Obesity, sex, and LUTS: What's the connection?

September 1, 2010

In an era in which we increasingly strive to optimize men's health, an understanding of the complex interaction of medical therapies designed to improve voiding (alpha-blockers and 5-alpha-reductase inhibitors), sexual function (testosterone), and lipid metabolism (statins) will be better described.

Two studies presented at the 2010 AUA annual meeting shed light on the relationship between total testosterone and LUTS in men. In the first study, data including AUA Symptom Score, serum total testosterone, serum PSA, digital rectal exam results, prostate volume, and body mass index were collected from 13,487 men (see article, No relationship between total testosterone, LUTS). Although increasing age and PSA were associated with LUTS, total testosterone was not. In a second study, serum testosterone declined with age at a mean of 0.19% per year (see article, Testosterone decline linked with worsening LUTS). There was no association between total testosterone and prostate volume. Of interest, rapid declines in testosterone levels were associated with worsening LUTS scores and decreased maximum flow.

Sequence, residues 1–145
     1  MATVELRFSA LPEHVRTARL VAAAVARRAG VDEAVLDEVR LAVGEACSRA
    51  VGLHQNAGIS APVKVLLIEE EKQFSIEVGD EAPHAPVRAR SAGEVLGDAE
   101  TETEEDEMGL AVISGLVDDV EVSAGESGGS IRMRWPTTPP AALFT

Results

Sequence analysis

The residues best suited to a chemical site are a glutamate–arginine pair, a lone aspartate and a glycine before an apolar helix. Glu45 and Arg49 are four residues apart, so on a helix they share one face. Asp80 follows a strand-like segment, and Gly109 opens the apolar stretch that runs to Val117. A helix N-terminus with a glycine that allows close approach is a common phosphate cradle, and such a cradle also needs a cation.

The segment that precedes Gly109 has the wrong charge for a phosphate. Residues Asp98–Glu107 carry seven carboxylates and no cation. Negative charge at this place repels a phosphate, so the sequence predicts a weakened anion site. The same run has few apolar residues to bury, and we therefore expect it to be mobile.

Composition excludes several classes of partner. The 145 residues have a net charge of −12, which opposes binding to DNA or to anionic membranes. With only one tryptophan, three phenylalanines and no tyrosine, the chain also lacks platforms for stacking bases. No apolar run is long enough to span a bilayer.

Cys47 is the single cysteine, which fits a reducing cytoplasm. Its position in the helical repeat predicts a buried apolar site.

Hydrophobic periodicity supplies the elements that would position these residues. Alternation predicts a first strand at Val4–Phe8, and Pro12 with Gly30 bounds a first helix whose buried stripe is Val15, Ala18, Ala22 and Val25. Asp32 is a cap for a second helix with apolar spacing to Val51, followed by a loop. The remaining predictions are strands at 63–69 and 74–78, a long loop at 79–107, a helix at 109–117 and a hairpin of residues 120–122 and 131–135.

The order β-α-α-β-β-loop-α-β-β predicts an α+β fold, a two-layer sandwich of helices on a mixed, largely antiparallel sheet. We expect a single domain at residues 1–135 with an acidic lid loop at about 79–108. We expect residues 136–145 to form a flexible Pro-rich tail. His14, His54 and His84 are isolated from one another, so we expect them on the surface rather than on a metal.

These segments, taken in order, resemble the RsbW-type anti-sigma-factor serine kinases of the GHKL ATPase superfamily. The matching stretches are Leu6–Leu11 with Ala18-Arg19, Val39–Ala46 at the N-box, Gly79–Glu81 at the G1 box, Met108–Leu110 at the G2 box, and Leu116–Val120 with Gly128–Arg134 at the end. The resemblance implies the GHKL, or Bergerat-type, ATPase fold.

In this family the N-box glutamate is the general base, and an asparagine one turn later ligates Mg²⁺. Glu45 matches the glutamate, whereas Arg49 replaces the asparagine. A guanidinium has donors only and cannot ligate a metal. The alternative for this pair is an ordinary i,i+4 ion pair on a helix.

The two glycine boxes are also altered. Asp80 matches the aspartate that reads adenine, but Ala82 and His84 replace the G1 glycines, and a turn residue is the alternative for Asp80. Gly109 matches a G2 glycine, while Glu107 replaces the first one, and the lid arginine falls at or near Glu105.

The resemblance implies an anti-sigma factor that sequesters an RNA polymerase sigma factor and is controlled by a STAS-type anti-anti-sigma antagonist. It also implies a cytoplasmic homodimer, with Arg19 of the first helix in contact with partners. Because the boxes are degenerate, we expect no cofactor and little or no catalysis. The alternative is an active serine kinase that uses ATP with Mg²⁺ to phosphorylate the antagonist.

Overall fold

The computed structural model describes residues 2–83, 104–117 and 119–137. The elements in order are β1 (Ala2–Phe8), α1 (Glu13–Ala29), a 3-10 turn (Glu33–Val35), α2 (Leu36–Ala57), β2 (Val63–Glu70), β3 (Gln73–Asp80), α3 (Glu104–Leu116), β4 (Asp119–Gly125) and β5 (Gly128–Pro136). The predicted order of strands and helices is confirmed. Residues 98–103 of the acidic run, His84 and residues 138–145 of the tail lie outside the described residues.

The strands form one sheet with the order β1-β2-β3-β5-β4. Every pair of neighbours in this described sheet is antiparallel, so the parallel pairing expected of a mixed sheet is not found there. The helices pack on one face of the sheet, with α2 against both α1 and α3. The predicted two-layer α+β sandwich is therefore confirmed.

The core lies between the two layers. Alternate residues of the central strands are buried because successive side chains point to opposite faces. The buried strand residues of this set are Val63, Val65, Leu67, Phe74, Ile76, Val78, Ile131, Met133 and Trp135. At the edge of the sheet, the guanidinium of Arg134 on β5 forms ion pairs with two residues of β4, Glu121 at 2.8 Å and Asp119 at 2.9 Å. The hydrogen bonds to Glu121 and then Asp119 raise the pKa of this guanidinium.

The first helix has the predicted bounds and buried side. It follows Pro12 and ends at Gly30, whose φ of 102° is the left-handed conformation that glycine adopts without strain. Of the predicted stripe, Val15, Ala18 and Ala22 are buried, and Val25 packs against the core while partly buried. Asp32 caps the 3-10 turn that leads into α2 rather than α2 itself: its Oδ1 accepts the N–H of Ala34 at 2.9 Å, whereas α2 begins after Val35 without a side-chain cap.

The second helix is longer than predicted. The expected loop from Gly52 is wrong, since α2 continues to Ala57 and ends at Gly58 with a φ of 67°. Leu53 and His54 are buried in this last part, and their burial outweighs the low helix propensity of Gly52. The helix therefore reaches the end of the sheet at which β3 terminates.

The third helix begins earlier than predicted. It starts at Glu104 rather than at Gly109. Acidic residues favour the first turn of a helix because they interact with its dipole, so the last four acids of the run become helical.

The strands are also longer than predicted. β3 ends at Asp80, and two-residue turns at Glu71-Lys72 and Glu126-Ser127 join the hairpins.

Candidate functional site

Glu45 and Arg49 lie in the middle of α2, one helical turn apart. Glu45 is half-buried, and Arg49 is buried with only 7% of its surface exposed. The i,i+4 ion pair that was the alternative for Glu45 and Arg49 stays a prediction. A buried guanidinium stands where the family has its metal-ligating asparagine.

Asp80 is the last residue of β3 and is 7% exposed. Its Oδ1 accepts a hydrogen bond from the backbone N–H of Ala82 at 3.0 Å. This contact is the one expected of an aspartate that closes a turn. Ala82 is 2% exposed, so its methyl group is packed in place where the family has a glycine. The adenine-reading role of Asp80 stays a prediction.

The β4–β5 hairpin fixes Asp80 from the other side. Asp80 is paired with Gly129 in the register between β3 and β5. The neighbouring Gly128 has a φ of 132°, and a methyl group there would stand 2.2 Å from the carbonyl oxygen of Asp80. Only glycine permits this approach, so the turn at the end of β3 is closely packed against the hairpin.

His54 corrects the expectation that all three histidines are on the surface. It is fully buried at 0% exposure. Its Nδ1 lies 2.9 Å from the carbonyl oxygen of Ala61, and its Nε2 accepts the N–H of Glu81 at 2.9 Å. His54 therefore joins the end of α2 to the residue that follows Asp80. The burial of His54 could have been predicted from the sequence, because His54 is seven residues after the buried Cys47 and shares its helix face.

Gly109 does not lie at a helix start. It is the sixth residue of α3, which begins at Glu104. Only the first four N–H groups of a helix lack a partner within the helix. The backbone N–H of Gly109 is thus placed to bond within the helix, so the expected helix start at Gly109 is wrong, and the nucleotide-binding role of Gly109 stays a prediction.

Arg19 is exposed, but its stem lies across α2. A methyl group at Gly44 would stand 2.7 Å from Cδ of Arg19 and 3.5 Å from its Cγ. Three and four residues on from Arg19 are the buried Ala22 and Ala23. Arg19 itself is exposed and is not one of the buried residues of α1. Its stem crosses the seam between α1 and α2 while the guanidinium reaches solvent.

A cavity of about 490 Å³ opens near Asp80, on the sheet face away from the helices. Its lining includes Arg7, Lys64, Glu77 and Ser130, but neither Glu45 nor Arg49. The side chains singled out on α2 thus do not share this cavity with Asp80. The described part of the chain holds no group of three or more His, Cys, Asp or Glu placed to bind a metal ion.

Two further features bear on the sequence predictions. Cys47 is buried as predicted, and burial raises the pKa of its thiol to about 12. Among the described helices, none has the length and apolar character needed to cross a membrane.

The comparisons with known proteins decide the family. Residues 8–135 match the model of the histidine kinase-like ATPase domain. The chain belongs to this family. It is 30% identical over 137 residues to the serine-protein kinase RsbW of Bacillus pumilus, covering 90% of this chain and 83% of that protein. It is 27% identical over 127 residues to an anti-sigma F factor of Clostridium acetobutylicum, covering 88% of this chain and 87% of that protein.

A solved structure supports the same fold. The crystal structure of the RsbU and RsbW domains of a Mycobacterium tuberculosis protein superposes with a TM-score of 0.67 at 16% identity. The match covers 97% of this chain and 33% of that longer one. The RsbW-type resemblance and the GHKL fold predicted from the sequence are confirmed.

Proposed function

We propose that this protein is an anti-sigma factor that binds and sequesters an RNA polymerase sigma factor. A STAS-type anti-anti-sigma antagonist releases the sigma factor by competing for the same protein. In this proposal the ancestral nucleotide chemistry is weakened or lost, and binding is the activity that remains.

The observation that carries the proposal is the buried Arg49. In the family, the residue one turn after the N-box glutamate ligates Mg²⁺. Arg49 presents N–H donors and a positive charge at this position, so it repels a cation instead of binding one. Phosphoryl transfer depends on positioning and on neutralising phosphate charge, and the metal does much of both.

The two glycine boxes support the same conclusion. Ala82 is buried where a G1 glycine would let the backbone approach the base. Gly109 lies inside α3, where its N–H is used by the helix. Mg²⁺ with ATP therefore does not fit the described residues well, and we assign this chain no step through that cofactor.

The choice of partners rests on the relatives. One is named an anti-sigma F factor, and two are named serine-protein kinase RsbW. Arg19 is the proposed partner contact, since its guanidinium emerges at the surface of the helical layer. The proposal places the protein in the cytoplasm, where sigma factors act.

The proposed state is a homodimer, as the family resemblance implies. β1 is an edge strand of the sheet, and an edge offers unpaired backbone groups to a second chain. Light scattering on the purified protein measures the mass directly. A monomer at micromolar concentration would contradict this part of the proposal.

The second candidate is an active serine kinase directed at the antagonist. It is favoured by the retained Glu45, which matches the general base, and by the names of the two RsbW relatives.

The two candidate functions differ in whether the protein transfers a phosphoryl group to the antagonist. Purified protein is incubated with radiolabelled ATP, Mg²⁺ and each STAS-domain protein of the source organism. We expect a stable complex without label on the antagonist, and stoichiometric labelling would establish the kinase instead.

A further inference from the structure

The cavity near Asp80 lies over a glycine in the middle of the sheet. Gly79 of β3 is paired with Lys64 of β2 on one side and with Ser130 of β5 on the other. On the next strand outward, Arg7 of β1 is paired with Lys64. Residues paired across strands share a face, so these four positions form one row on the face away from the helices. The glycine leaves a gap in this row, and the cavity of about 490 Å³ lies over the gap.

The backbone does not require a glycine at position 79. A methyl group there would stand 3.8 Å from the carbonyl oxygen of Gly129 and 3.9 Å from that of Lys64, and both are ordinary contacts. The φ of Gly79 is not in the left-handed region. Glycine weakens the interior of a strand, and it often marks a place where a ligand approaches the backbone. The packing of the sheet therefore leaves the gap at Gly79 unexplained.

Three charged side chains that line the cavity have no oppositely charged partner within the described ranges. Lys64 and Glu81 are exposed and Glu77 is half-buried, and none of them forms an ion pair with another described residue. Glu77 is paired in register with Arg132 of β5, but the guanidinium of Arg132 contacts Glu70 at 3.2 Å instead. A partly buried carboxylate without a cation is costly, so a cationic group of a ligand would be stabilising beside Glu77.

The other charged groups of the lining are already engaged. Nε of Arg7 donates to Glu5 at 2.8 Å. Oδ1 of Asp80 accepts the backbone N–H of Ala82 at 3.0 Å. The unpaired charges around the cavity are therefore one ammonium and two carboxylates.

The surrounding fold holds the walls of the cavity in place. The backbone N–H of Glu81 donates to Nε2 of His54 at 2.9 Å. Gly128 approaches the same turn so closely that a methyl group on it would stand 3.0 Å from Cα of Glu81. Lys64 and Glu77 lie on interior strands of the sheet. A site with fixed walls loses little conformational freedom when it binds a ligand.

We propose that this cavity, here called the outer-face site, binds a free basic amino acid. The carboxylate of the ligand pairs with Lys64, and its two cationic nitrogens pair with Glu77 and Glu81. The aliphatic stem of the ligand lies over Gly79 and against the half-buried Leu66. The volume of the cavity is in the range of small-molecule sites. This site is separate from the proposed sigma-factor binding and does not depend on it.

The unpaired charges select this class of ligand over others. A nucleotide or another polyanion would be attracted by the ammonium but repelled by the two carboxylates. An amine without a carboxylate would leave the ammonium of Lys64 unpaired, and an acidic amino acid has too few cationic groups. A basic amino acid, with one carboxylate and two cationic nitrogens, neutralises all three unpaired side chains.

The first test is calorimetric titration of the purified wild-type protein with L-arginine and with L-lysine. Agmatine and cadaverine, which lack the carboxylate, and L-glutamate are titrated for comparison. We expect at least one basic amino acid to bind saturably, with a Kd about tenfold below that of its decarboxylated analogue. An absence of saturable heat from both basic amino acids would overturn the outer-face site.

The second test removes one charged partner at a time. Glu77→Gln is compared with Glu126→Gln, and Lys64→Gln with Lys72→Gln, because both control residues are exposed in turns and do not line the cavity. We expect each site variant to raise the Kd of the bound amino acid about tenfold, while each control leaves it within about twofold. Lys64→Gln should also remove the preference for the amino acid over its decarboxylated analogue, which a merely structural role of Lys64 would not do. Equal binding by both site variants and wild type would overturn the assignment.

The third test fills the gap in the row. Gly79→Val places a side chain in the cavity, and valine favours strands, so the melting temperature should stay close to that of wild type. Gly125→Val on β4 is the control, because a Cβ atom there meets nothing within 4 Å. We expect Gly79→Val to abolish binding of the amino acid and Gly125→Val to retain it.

We should use caution in clinical extrapolation of these results given the variability of serum testosterone measurement in individual patients. Nevertheless, the use of exogenous testosterone will become increasingly accepted as men age. We have recognized that use of exogenous testosterone can affect body fat, BMI, and lipid metabolism. In an era in which we increasingly strive to optimize men's health, an understanding of the complex interaction of medical therapies designed to improve voiding (alpha-blockers and 5-alpha-reductase inhibitors), sexual function (testosterone), and lipid metabolism (statins) will be better described.

Steven A. Kaplan, MD

Dr. Kaplan, a member of the Urology Times Editorial Council, is professor of urology at Weill Cornell Medical College, New York.